Summing up, the Reaper is tactically clever, but strategically stupid. The Pentagon is surely aware of this insufficiency. But the Pentagon doesn't necessarily seek to "win" its wars. The US military machine seeks to multiply enemies and keep the pot boiling, thereby devouring the national budget and perpetuating mega-profits for its corporate allies. The corporados laugh all the way to the bank.

On the Home Front

Reaper deployment from sites such as Niagara Air Force Base near Buffalo and Hancock Air Force Base near Syracuse in upstate New York extend the war zone to nearby civilian areas. Like it or not, without our consent, we've become part of the battleground. Upstate New Yorkers didn't enlist in these undeclared, clandestine wars. We are conscripts. Our federal taxes pay for these wars; vast slabs of our national treasure are diverted to the military and away from schooling, health care, mass transit and other infrastructure.

Reaper deployment is cloaked in secrecy, mocking democracy. Reaper security measures (as at Hancock, home of the 174th Attack Wing) lead to civil liberties abuse. Since 2010, recurring nonviolent anti-drone protests at Hancock have led to more than 150 arrests and multiple incarcerations of those exposing Pentagon and CIA Reaper lawlessness. We're arrested outside the base entrance as we assemble, speak out and petition the government for a redress of grievances - First Amendment rights, supposedly.

The drone assassination of non-US civilians has morphed into the assassination of US citizens overseas. Will these criminal attacks - devoid of due process - morph into drone strikes against US citizens within the United States itself? The targets here one day may be antiwar activists or someone's political opponent, or simply those guilty of being young, male and black, or Muslim. Or, as in Afghanistan, someone's or some cartel's rival drug dealer.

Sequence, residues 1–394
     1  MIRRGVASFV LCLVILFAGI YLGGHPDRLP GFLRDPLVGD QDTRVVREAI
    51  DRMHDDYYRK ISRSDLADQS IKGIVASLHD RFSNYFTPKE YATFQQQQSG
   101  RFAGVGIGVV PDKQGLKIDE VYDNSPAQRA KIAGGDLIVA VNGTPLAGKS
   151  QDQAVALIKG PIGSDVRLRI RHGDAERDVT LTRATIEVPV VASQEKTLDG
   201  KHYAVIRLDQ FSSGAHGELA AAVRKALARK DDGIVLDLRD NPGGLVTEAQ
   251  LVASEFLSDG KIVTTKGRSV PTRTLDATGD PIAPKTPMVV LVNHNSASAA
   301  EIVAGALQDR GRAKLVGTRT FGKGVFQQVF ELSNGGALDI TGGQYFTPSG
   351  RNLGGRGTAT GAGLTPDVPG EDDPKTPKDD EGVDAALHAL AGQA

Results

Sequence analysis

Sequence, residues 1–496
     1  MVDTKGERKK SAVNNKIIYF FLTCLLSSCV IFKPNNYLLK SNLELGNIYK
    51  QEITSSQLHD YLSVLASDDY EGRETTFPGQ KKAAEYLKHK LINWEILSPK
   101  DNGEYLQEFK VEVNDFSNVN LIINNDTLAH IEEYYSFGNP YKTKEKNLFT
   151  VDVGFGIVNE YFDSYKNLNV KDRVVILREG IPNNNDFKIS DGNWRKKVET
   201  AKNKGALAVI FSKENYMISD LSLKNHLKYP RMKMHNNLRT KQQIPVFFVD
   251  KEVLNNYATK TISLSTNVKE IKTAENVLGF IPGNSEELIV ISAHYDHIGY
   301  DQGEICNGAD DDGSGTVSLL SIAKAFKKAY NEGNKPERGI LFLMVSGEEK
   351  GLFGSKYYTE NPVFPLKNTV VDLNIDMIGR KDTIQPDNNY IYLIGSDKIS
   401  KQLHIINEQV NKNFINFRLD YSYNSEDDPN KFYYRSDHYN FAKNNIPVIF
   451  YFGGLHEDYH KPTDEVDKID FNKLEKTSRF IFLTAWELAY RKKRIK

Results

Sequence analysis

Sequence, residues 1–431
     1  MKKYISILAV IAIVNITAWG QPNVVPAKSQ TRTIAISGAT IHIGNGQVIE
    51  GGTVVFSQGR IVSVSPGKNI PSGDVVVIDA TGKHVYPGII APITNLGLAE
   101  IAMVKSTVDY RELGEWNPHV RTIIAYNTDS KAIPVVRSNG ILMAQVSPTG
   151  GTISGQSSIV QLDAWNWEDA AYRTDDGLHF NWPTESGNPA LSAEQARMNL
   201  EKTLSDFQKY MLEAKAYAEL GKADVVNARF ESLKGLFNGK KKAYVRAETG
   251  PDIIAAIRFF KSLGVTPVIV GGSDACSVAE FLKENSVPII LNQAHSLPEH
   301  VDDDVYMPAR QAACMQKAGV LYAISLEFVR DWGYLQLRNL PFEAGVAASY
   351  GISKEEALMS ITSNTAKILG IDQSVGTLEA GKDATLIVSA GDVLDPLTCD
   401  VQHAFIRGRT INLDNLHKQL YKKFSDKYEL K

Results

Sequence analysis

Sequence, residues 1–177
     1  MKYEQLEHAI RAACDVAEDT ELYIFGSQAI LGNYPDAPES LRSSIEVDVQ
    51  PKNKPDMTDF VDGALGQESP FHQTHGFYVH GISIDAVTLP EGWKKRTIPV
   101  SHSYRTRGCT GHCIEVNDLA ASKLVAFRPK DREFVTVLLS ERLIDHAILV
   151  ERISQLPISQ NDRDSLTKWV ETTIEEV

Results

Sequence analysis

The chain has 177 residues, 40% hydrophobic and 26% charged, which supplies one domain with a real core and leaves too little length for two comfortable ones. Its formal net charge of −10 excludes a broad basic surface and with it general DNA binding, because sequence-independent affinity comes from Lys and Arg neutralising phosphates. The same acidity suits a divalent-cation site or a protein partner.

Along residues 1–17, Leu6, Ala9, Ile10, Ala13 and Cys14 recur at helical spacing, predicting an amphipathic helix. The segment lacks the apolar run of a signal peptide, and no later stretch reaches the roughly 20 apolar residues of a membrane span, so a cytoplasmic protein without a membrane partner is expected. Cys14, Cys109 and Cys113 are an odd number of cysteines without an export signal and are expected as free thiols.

The Federal Aviation Administration, charged with regulating the safety of our skies, can't keep up with the burgeoning drone industry and escalating domestic drone use. Even with adequate regulations, enforcement will at best be patchy. The more drones in the air, the more difficult the enforcement. Drones have a high accident rate. Drones accidentally or deliberately invading air traffic lanes are a threat to manned commercial passenger aircraft. The more drones in the air, the more collisions. Drones can be launched anonymously. Their origins can be faked. Drones can be hacked and misdirected.

Although a drone pilot's field of vision is like looking through a soda straw, drone surveillance technology is almost preternaturally sophisticated. Drones threaten personal privacy, undermining the Fourth Amendment. Police agencies are itching to deploy drones, leading to surveillance without warrants on a mass, indiscriminate scale - pervasive, persistent, wide-area, suspicionless surveillance. Police drones will also surely be used for crowd control, suppressing demonstrations and other First Amendment activity essential to democracy.

Police surveillance drones can be armed with so-called "non-lethal" devices (facial recognition technology, lasers, sound bombs, rubber bullets etc.). These chill public dissent. Non-lethal can morph into lethal crowd control. Do we really trust the increasingly militarized police and the US intelligence agencies to self-enforce constitutional restraints on their domestic spying? Think NSA.

Drone technology is rapidly evolving. As it penetrates the US economy and the US military machine, drone research in these two spheres will cross-pollinate. The Reaper and its successors are on their way to becoming ever more autonomous and unaccountable.

Domestic drone development has commercial and agricultural application. Drones will create jobs. But rarely mentioned is the fact that drones are a form of automation and that automation snuffs out jobs.

The glitz of consumer drone applications here is already displacing perceptions of the military mayhem over there. Mainstream media hype is already "normalizing" drones (à la the 1950s "Atoms for Peace" campaign providing cover for the then-emerging toxic nuclear industry). Such hype swamps coverage of the vile aspects of drones both domestically and internationally. The multibillion-dollar drone industry has already bought and bamboozled its engineers, its universities, its media and its representatives in Congress.